49 Pages Posted: 30 Aug 2006
Date Written: August 2006
This paper presents a theory and empirical evidence that investigate the effects of poor matching on the properties of accounting earnings. The key intuition of this theory is that poor matching manifests as noise in the economic relation between revenues and expenses. As a result, poor matching decreases the correlation between contemporaneous revenues and expenses and increases the correlation between non-contemporaneous revenues and expenses. With regards to earnings effects, poor matching increases earnings volatility, decreases earnings persistence, and induces a negative autocorrelation in earnings changes. Since poor matching resolves over time, we expect that all of these effects are less pronounced over longer-horizon definitions of earnings. The empirical tests concentrate on documenting the effects of matching and the associated properties of earnings in a sample of the 1,000 largest U.S. firms over the last 40 years. We find a clear and economically substantial trend of declining contemporaneous correlation between revenues and expenses, while the correlation between revenues and non-contemporaneous expenses is increasing. We also find strong evidence of increased volatility of earnings, declining persistence of earnings, and increased negative autocorrelation in earnings changes. As expected, these trends are less pronounced for longer-horizon definitions of earnings. Based on this evidence we conclude that accounting matching has become worse over time and that this trend has produced a pronounced effect on the properties of the resulting earnings. This evidence also suggests that the FASB's stated goal of moving away from matching and towards more fair-value accounting is likely to continue and deepen the identified trends in the properties of earnings.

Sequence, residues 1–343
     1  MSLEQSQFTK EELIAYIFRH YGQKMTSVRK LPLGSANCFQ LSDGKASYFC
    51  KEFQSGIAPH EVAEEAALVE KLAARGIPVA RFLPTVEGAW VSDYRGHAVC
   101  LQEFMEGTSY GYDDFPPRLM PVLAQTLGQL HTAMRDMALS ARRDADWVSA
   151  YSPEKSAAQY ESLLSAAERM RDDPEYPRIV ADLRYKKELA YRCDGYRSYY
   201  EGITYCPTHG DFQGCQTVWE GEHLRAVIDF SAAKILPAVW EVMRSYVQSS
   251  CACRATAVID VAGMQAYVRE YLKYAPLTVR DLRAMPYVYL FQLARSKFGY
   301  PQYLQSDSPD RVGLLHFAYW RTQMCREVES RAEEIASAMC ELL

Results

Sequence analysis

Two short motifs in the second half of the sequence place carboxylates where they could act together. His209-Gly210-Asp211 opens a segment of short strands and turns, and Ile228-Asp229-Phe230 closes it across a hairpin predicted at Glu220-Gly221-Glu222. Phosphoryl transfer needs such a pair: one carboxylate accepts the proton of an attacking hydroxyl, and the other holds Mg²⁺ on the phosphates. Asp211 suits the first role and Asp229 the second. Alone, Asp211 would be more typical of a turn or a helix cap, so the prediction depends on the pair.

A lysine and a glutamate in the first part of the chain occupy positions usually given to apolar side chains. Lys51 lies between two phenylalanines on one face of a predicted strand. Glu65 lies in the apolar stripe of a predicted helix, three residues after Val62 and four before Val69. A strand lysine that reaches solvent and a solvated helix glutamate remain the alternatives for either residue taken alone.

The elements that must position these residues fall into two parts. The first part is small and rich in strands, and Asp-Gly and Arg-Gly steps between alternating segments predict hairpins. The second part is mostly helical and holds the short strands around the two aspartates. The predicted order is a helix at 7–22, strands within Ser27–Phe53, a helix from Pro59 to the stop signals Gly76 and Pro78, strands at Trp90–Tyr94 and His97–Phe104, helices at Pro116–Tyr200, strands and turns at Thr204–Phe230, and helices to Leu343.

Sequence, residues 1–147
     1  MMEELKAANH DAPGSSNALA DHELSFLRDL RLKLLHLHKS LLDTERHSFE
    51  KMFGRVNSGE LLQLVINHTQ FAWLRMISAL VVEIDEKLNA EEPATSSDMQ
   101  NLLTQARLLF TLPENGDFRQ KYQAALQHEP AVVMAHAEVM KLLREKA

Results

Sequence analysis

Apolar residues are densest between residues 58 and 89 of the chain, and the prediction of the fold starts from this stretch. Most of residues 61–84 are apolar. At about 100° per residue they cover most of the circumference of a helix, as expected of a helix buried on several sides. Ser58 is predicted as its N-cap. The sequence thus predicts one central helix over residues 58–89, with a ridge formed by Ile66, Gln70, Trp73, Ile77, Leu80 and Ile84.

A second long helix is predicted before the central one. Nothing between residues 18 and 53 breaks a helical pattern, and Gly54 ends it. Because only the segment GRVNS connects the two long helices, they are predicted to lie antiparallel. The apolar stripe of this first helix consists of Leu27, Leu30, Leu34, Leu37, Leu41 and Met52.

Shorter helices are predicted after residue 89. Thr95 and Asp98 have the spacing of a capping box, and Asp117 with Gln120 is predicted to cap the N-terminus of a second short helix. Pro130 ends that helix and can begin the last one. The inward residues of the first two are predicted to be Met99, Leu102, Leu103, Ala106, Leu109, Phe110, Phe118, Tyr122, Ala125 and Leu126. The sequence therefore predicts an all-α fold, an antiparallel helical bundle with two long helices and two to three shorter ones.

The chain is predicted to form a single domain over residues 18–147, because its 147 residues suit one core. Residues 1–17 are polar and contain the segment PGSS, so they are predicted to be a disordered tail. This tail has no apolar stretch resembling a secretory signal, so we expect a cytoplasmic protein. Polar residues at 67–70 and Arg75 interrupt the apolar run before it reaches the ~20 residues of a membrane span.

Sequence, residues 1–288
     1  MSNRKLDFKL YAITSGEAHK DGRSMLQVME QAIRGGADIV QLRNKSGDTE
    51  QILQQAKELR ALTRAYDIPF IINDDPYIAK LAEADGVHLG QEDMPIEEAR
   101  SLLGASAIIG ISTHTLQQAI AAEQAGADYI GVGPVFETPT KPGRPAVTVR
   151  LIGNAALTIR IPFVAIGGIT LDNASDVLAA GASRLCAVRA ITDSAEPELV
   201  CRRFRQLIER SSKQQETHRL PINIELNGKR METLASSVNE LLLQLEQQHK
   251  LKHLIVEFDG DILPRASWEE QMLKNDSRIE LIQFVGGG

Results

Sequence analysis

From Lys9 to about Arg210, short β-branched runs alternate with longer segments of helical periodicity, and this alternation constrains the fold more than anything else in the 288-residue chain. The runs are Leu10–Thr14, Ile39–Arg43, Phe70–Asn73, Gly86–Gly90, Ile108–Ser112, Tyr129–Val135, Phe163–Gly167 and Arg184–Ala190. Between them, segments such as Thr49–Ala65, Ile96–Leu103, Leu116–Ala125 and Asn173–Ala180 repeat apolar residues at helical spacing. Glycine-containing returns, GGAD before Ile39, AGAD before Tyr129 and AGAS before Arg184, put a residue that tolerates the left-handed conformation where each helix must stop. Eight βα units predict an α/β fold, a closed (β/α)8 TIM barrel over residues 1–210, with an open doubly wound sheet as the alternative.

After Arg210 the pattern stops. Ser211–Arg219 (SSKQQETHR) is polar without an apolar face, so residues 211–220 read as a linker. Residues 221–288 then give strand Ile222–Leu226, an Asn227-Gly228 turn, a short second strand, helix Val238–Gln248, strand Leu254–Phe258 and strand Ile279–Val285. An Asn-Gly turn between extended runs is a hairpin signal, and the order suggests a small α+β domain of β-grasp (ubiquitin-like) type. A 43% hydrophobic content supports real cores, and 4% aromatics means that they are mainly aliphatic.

Keywords: matching, earnings properties
JEL Classification: M41, M44, C21
Suggested Citation: Suggested Citation
Dichev, Ilia D. and Tang, Vicki Wei, Matching and the Properties of Accounting Earnings over the Last 40 Years (August 2006). AAA 2007 Financial Accounting & Reporting Section (FARS) Meeting Paper. Available at SSRN: https://ssrn.com/abstract=927312 or http://dx.doi.org/10.2139/ssrn.927312